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TRENDS IN WELLNESS

What’s Trending? We Are #NailingIt!

Well + Good’s 2018 wellness trends just circulated and we are delighted to find that the #3 trend reads: 

“Self-care is essential, not an indulgence.”

And…according to our own local research, this trend is real!


In our initial market survey, 79% of respondents cited self-care as one of their top motivations for soak/sauna use, second only to “relaxation” (89%).

That’s why we are creating a space to truly downshift in the midst of daily life—our contribution to both a needed cultural shift and the bathhouse revival currently underway in the United States!

Once open, Soak Boulder will be the only local, affordable option for a full hydrotherapy circuit.

Beyond the well-documented advantages of the increasing demand for water-based contrast therapy, another major trend illuminated in the Global Wellness Institute’s “Eight Trends for Wellness in 2018” caught our eye: the critical role of social connection in both wellness and happiness.

“The happiness science lessons are clear,” the report states, citing two recent global studies. “[T]he wellness world needs to put a greater focus on happiness generally—and on driving social connection and technology disconnection specifically.”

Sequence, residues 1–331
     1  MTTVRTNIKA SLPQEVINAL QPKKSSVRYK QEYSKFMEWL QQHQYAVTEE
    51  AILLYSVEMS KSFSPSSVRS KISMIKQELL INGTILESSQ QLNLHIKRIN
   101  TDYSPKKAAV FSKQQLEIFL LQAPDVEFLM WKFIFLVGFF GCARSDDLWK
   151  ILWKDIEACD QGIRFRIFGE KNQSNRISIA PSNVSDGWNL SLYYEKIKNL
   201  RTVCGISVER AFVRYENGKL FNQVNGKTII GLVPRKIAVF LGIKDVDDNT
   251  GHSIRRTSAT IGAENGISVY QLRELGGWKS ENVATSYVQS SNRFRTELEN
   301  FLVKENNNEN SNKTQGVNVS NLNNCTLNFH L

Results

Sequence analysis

Gloriously, Soak Boulder speaks to these two interconnected factors. Not only will soaking spaces be “digital detox” zones, but our design includes a large community area complete with saltwater soaks, dry saunas and cold plunge—a hip, urban, hangout alternative to bars and clubs.

Of course, we’ll also offer private rooms with a complete hydrotherapy circuit if you’re seeking sanctuary or looking for a cozy space to have a meetup, both equally valid ways to unplug and spend time reconnecting with what matters most.

We can’t wait to welcome you to Soak Boulder and into a happier, healthier way of being.

Rising Tide: The Bathhouse Revival

Humans have long sought relief and renewal – physical, emotional, and even spiritual  – by immersing themselves in water and sweating intensely in heated enclosures.

Water connects. Water nourishes. Water heals.

Inspired by many ancient traditions, we see the bathhouse as a place for collective nourishment where we can celebrate the naturalness of being together. And we aren’t alone. In fact, the global tide of interest in bathhouses is rising rapidly.